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Native-code compilation (ocamlopt)

This chapter describes the Objective Caml high-performance native-code compiler ocamlopt, which compiles Caml source files to native code object files and link these object files to produce standalone executables.

The native-code compiler is only available on certain platforms. It produces code that runs faster than the bytecode produced by ocamlc, at the cost of increased compilation time and executable code size. Compatibility with the bytecode compiler is extremely high: the same source code should run identically when compiled with ocamlc and ocamlopt.

It is not possible to mix native-code object files produced by ocamlc with bytecode object files produced by ocamlopt: a program must be compiled entirely with ocamlopt or entirely with ocamlc. Native-code object files produced by ocamlopt cannot be loaded in the toplevel system ocaml.

Overview of the compiler

The ocamlopt command has a command-line interface very close to that of ocamlc. It accepts the same types of arguments:

The output of the linking phase is a regular Unix executable file. It does not need ocamlrun to run.


The following command-line options are recognized by ocamlopt.

Build a library (.cmxa/.a file) with the object files (.cmx/.o files) given on the command line, instead of linking them into an executable file. The name of the library can be set with the -o option. The default name is library.cmxa.

Compile only. Suppress the linking phase of the compilation. Source code files are turned into compiled files, but no executable file is produced. This option is useful to compile modules separately.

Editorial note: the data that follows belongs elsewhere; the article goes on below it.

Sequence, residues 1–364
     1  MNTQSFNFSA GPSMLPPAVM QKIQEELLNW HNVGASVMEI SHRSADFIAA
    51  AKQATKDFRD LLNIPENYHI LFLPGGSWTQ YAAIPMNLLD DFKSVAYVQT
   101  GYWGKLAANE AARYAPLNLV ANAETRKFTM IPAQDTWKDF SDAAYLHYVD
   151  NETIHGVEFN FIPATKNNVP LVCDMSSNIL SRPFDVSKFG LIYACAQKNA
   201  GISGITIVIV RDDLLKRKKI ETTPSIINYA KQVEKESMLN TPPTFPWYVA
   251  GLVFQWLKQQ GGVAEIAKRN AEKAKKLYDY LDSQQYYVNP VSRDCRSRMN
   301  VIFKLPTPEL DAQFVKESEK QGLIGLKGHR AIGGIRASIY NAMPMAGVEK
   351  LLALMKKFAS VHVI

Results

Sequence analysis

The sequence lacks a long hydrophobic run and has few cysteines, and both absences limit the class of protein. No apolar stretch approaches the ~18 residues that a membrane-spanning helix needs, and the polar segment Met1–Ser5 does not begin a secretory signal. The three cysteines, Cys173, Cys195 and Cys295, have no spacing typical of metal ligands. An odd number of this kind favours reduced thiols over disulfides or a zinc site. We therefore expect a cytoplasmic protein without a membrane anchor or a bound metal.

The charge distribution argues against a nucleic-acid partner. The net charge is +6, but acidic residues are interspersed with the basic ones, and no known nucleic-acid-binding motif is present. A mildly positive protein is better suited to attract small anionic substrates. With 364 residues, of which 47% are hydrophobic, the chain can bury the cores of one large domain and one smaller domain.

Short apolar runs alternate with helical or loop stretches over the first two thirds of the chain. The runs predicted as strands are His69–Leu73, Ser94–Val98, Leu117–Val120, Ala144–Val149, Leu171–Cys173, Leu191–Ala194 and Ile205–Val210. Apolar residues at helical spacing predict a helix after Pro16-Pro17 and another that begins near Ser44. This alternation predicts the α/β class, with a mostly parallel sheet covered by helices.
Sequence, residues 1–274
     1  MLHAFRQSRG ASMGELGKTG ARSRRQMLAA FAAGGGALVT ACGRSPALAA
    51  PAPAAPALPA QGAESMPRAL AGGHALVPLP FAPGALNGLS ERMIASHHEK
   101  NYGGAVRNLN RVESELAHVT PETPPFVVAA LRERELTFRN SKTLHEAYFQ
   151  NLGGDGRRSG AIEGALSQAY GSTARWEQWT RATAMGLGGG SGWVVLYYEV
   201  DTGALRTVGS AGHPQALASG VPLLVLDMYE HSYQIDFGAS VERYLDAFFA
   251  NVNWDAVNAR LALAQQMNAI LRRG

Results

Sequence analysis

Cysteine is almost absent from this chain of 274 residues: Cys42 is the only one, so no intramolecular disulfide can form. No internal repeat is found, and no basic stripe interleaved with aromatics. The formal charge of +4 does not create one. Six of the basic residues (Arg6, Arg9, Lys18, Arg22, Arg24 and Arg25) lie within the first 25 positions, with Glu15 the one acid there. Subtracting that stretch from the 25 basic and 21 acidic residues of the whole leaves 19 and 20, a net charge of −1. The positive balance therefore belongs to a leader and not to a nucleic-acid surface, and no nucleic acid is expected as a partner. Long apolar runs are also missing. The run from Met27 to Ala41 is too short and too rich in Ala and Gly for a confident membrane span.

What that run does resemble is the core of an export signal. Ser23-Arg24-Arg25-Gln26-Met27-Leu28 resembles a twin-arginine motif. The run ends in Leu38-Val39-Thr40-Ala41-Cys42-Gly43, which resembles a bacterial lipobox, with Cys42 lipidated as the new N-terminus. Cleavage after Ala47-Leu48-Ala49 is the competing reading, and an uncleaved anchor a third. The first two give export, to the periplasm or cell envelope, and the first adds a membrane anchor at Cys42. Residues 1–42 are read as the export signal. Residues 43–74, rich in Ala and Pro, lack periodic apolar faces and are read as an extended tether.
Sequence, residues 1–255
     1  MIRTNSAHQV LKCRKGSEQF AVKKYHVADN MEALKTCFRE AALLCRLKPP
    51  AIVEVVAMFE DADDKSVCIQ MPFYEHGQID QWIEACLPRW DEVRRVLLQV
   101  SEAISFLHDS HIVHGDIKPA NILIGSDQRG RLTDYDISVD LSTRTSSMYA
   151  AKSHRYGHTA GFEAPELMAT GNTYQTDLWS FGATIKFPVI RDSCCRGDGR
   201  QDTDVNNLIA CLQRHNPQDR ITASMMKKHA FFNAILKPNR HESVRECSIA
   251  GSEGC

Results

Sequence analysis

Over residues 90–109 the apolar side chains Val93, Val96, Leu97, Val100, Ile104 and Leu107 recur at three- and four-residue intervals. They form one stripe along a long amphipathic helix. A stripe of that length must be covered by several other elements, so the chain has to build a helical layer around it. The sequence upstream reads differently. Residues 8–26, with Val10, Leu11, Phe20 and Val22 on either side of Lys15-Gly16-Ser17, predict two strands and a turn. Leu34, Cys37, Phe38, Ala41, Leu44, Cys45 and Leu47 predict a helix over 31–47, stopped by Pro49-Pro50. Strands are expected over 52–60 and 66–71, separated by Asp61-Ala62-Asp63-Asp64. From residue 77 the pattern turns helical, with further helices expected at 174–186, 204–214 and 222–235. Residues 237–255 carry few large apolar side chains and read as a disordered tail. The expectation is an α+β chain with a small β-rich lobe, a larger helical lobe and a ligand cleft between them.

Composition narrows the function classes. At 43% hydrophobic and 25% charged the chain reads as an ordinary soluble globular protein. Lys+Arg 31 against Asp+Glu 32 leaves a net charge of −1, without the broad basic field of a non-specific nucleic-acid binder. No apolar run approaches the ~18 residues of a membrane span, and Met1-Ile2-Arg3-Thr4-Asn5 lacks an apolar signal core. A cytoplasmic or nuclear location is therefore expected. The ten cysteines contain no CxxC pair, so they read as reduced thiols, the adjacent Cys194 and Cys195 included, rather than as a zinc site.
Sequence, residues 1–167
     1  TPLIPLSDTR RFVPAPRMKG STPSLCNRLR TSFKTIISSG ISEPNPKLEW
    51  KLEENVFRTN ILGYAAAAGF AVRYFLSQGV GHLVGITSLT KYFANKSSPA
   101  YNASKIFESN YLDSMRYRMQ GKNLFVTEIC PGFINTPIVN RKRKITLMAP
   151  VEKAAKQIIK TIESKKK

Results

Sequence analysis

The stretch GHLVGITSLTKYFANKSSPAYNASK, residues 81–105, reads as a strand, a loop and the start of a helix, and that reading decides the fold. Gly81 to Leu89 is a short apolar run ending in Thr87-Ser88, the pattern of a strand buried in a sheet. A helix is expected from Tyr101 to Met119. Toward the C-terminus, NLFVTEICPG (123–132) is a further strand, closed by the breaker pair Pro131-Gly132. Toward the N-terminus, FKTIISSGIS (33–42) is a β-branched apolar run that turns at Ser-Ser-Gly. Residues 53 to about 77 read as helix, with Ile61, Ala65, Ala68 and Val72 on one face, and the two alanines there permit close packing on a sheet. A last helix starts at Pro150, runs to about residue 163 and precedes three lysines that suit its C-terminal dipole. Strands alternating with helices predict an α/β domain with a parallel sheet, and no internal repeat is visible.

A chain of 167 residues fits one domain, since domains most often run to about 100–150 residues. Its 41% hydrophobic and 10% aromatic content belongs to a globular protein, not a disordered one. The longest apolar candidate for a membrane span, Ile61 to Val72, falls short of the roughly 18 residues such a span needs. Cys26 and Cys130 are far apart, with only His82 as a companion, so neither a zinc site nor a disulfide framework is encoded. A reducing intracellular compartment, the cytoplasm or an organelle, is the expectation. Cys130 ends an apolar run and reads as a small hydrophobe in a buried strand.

-cclib -llibname
Pass the -llibname option to the linker. This causes the given C library to be linked with the program.

-ccopt option
Pass the given option to the C compiler and linker. For instance, -ccopt -Ldir causes the C linker to search for C libraries in directory dir.

Optimize the produced code for space rather than for time. This results in slightly smaller but slightly slower programs. The default is to optimize for speed.

Cause the compiler to print all defined names (with their inferred types or their definitions) when compiling an implementation (.ml file). This can be useful to check the types inferred by the compiler. Also, since the output follows the syntax of interfaces, it can help in writing an explicit interface (.mli file) for a file: just redirect the standard output of the compiler to a .mli file, and edit that file to remove all declarations of unexported names.

-I directory
Add the given directory to the list of directories searched for compiled interface files (.cmi) and compiled object code files (.cmx). By default, the current directory is searched first, then the standard library directory. Directories added with -I are searched after the current directory, in the order in which they were given on the command line, but before the standard library directory.

-inline n